Wolfram Siede, PhD, Graduate Advisor
Research and Education Building 202
Graduate Faculty: Alizadeh, Aschenbrenner, Cammarata, Clark, Ghorpade, I. Gryczynski, Jiang, Krishnamoorthy, Reeves, Roxas, Sheedlo, Siede, Wordinger
Adjunct Graduate Faculty: Collier, Jacobson, McCartney, Pang, Romano, Shepard
The Department of Cell Biology and Anatomy has a primary mission to provide instruction in cell biology, visual sciences, and the anatomical sciences; to develop and maintain research programs; and to participate in the service endeavors of the institution and profession. The major focus of research in the discipline is on the eye involving degenerative retinal diseases, glaucoma, diabetic complications, and cataracts. Other research programs include angiogenesis, apoptosis, cell secretory mechanisms, cell cycle, cellular differentiation, cell signaling, DNA damage, endothelial physiology, fluorescence microscopy, glial cell biology, growth factors and neurotrophins, HIV research, nitric oxide, nuclear function, oxidative stress, regulated intramembrane proteolysis, HIV pathologies, stem cell research, and yeast genetics.
In support of the various research programs, the department maintains state-of-the-art facilities in microscopy, tissue culture and molecular biology. Over 8,000 square feet of research space is occupied by department faculty and staff.
The department is home to three graduate programs: Cell Biology, Structural Anatomy and Visual Sciences. The department is also home to the North Texas Eye Research Institute which involves faculty from various basic science disciplines, as well as professionals in industry and private clinical practice.
Advancement to Doctoral Candidacy
Qualifying Examination The qualifying examination within the discipline of Cell Biology must be successfully completed prior to concluding 72 semester credit hours (SCH). The main goal of the examination is to ensure that each doctoral student has a broad knowledge base in biomedical sciences and has mastered the fundamental principles of cell biology and genetics in order to be a successful doctoral candidate and an independent researcher. The qualifying examination consists of written and oral phases. The examination will be directed towards the didactic course work of the student. Basic knowledge and understanding of general research techniques in cell and molecular biology will be included.
The initial phase of the qualifying examination consists of a set of written questions administered by a qualifying examination committee (QEC) composed of faculty members of the Department of Cell Biology and Anatomy. Within 4 weeks of taking the written examination, the chair of the QEC will schedule the oral examination. The oral examination will consist of questions that further explore the student's answers in the written phase, as well as questions on additional topics in cell biology and genetics as deemed appropriate by the QEC. The university member must be in attendance for the oral phase of the examination.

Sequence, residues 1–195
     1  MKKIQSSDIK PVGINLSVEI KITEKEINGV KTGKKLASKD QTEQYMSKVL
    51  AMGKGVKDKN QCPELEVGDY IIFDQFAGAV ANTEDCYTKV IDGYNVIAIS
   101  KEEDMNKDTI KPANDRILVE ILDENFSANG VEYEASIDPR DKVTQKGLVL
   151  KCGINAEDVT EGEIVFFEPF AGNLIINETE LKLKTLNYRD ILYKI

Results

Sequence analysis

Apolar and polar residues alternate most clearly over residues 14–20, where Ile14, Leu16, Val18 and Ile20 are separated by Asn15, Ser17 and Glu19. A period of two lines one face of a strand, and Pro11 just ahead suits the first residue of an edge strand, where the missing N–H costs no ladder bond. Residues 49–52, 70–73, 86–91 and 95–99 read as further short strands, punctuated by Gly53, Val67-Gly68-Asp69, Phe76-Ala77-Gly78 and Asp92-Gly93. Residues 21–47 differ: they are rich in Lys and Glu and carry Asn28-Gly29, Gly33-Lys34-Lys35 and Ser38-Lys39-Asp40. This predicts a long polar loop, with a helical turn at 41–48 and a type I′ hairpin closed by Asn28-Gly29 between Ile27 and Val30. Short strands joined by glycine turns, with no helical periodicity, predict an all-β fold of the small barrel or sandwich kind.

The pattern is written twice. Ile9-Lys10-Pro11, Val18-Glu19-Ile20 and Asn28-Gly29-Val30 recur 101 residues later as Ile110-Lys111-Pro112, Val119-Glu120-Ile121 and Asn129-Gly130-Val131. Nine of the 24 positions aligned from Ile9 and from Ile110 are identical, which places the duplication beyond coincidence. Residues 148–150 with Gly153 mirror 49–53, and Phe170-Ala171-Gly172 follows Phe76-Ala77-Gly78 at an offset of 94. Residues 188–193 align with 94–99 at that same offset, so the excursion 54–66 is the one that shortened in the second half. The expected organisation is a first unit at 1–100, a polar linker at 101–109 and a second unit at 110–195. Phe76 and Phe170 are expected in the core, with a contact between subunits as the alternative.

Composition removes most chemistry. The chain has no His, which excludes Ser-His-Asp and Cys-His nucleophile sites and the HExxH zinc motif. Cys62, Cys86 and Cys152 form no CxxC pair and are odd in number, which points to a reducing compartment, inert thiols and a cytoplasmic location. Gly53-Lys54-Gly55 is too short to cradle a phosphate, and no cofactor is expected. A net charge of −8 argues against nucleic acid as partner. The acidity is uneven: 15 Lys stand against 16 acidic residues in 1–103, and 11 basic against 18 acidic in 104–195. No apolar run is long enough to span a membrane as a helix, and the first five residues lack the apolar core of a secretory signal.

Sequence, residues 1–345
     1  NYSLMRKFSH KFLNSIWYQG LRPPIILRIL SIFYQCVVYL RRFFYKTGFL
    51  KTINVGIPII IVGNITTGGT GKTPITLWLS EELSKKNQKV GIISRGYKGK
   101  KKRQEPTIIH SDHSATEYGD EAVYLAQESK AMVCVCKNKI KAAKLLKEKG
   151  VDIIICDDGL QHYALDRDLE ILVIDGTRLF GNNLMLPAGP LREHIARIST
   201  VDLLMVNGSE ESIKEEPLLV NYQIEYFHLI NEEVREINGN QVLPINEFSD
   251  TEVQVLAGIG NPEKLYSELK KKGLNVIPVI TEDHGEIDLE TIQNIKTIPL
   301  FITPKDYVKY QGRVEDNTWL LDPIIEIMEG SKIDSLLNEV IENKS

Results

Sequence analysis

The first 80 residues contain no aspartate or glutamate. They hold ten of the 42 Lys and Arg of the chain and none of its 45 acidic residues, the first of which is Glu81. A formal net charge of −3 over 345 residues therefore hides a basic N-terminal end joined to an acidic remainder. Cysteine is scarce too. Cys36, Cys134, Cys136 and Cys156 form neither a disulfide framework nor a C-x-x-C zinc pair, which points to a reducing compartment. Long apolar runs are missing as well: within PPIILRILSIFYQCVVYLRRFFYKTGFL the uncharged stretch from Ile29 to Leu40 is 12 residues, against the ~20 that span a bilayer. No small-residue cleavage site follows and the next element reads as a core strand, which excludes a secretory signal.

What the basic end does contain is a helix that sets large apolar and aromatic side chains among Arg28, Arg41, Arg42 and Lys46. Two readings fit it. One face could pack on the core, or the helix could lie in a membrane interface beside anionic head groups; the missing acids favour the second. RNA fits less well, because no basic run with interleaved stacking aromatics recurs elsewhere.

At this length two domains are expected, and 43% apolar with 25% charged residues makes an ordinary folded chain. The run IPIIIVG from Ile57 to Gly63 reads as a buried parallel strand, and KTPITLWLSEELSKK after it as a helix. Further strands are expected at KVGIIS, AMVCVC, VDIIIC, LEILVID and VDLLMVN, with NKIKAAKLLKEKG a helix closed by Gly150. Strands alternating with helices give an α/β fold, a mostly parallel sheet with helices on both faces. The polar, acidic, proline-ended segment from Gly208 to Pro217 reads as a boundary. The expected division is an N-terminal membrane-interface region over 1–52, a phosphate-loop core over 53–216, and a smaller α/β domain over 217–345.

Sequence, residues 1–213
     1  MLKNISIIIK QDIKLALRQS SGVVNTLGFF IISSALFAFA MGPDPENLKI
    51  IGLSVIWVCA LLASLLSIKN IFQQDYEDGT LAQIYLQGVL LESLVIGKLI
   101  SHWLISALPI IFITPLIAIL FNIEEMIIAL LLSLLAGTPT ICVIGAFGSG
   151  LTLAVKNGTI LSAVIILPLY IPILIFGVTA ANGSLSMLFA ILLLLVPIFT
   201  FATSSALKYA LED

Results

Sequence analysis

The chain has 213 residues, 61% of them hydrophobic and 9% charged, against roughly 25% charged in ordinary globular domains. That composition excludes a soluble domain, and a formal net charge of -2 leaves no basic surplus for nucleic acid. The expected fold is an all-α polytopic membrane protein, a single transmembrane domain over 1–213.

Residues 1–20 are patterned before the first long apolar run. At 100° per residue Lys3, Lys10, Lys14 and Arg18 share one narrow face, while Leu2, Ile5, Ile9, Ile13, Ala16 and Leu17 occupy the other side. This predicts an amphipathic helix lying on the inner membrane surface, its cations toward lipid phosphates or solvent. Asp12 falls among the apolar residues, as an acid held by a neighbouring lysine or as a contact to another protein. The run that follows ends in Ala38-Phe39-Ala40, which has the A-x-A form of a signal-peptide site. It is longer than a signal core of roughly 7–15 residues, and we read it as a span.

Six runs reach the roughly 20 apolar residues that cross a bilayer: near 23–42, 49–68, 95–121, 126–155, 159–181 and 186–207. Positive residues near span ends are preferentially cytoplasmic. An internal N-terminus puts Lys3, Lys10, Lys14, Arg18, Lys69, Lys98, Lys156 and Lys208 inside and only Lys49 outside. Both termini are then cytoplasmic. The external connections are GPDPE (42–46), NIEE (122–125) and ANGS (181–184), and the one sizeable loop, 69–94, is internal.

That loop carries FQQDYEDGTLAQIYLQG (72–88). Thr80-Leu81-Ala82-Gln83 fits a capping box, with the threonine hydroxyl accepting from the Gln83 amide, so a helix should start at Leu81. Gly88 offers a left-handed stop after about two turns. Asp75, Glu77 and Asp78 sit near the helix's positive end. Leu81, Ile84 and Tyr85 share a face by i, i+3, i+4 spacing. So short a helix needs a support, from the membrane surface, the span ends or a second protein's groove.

The qualifying examination will be graded on a Pass/Fail basis. Successful completion of the qualifying examination must be accomplished before the student can register for Grant Writing (BMSC 6310). Two attempts to pass the qualifying examination will be allowed. Failure to pass the qualifying examination after two attempts will result in dismissal from the doctoral program. In this case, a student may be allowed to complete the requirements for a Master of Science degree.
Grant Writing (6310) After passing the qualifying examination, but prior to the completion of 84 SCH, the student must register for Grant Writing (BMSC 6310). This stage of the advancement to doctoral candidacy evaluates a student's aptitude for independent thought and scientific writing. The student is required to (a) prepare an NIH-style research proposal; (b) present the proposal in a public seminar; and (c) orally defend the proposal before his/her doctoral advisory committee. The proposal should be based on an original hypothesis and should describe specific experimental approaches to address the hypothesis. The graduate advisor will appoint a member of the student's advisory committee to coordinate the process. The student will meet with the advisory committee at least two times during the semester to review drafts of the proposal. The final written proposal must be prepared in NIH-style format and presented to the advisory committee at least two weeks prior to the public seminar and oral defense. The grant proposal and the student's oral presentation and defense will be evaluated on the basis of originality and ability to synthesize and communicate the proposal content. The student's university member must be present for the public seminar and oral defense of the proposal. Upon successful completion of Grant Writing (BMSC 6310), the student is advanced to doctoral candidacy. Two attempts to successfully complete Grant Writing (BMSC 6310) will be allowed. Failure to pass Grant Writing (BMSC 6310) will result in dismissal from the doctoral program. In this case, a student may be allowed to complete the requirements for a Master of Science degree.
This page last modified May 11, 2010